Kemp signs Georgia budget with raises, scholarship boosts
ATLANTA (AP) — Raises are coming for state and university employees and public school teachers and Georgia will pay full college tuition for all HOPE Scholarship recipients under the budget signed Friday by Gov. Brian Kemp.
The Republican governor ratified the budget in a ceremony at the construction site for the new Hyundai Motor Group electric vehicle plant in Ellabell.
“There is a lot of good stuff in this budget to talk about,” Kemp said. “It’s important that Georgians know we’re delivering on our promises.”
Kemp also signed a bill continuing tax incentives for economic development projects, wearing a hard hat emblazoned with the state flag and an orange construction vest as heavy equipment moved dirt for the $5.5 billion plant.
The budget calls for spending $32.4 billion in state funds and $55.9 billion overall, including federal and other money, in the year beginning July 1. Although leaders fear state revenue growth will slow, the document reflects Kemp's willingness to keep spending, knowing Georgia's government has billions in surplus revenue in the bank.
State troopers and many other law enforcement officers will get a $6,000 raise, while all state employees, public university employees, technical college employees and public school teachers will get a $2,000 raise.
“No other General Assembly or governor has raised teacher salaries by so much, so quickly in state history,” Kemp said, noting the $5,000 yearly raises he delivered to teachers and state employees in his first term.
State-funded public librarians and teachers in state-funded preschool programs will also get $2,000 raises, while K-12 school cafeteria workers, bus drivers and nurses will get 5% salary boosts.
Lawmakers had sought to pay one-time $1,000 bonuses for school custodians and to pick up the tab for schoolchildren eligible for reduced-priced lunches and breakfasts, but Kemp vetoed those instructions, telling agencies to disregard them.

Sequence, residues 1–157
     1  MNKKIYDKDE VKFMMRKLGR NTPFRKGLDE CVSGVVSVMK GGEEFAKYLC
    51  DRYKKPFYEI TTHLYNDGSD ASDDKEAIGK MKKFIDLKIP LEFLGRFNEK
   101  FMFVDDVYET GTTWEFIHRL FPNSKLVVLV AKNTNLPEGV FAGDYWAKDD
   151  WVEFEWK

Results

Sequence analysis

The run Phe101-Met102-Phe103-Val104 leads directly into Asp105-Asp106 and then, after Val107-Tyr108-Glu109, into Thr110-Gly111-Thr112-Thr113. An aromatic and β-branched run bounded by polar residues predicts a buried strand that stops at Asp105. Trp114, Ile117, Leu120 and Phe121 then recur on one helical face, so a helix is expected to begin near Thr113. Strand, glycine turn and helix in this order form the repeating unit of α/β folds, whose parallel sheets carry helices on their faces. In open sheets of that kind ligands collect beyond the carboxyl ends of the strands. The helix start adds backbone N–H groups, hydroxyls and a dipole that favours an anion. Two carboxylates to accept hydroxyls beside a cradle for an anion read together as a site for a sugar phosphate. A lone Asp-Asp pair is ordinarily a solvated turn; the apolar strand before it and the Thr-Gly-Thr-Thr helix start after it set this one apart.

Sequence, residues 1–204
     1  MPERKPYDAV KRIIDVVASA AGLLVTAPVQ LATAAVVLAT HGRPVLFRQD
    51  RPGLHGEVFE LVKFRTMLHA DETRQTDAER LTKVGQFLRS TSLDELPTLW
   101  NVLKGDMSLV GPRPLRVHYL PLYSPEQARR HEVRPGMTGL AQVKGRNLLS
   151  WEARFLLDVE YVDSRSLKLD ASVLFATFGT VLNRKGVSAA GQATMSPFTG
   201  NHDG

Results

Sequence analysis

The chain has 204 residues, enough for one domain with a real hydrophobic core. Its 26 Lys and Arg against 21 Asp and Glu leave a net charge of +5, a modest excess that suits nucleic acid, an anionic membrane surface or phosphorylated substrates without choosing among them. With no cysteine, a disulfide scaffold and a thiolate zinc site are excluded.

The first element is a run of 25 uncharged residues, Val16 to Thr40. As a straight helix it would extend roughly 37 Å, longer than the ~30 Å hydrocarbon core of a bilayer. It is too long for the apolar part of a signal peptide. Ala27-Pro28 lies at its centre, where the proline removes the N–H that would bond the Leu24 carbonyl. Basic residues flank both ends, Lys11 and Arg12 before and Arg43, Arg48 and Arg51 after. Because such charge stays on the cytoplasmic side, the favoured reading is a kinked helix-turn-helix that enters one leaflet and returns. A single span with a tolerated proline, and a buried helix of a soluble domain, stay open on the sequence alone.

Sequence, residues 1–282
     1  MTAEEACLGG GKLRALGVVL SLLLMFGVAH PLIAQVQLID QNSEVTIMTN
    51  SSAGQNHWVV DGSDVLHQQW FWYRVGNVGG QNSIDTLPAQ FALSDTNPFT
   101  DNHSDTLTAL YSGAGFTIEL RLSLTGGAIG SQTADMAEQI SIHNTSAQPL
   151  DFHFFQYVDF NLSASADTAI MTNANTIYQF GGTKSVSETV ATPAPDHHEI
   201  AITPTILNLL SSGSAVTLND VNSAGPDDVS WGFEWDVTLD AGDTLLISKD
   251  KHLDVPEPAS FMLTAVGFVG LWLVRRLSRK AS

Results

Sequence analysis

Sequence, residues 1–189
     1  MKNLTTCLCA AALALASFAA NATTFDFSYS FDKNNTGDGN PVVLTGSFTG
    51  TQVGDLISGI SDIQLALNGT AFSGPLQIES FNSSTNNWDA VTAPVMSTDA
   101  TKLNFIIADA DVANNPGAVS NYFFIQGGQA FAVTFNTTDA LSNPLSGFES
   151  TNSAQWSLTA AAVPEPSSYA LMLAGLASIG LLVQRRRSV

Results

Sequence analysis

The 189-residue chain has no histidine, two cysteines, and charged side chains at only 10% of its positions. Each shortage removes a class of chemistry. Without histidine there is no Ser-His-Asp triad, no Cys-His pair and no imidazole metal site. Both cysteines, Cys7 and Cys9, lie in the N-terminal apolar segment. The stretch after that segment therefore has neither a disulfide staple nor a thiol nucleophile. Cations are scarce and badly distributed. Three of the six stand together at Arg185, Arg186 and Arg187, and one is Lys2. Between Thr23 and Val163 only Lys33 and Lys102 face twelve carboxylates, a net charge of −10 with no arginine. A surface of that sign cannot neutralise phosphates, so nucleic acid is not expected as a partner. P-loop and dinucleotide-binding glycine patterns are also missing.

In all, Georgia will spend a record $13.1 billion on K-12 schools.
The budget also restores the original system of paying full tuition for HOPE Scholarships for all high school graduates earning a B average. While Zell Miller Scholars who earn higher grades and a minimum standardized test score now get full tuition, others only get 90%. The budget also boosts HOPE Scholarship payments to private college students in Georgia.
Lawmakers cut $66 million in teaching funds from the state's 26 public universities. That's a small cut, but University System of Georgia Chancellor Sonny Perdue said it could exacerbate funding woes tied to falling enrollment at many smaller universities. Kemp said on the last night of the legislative session in March that the budget had what he called “significant holes.”
Perdue has said he hopes lawmakers will backfill the cut when they return in January. Legislators routinely amend the budget each year.
Lawmakers also cut about $1.4 million in funding for Georgia Public Broadcasting and about $3.2 million for Augusta University’s Georgia Cyber Center.
Georgia’s budget pays to educate 1.75 million K-12 students and 465,000 college students, house 48,000 prisoners, pave 18,000 miles (29,000 kilometers) of highways and care for more than 200,000 people who are mentally ill, developmentally disabled or addicted to drugs or alcohol.
The plan spends more on mental health and addiction treatment, reflecting lawmakers’ continued emphasis on those issues.
Lawmakers sought to again give $500 bonuses to 54,000 retirees in the state Employees Retirement System. People in that plan have not received regular cost-of-living increases. Kemp vetoed the language, telling the system's board to decide how to hand out the money.
Lawmakers agreed to pay for home services for 500 more people with intellectual, developmental, or physical disabilities — up from the 250 originally proposed by Kemp. The state has thousands on a waiting list for such services.
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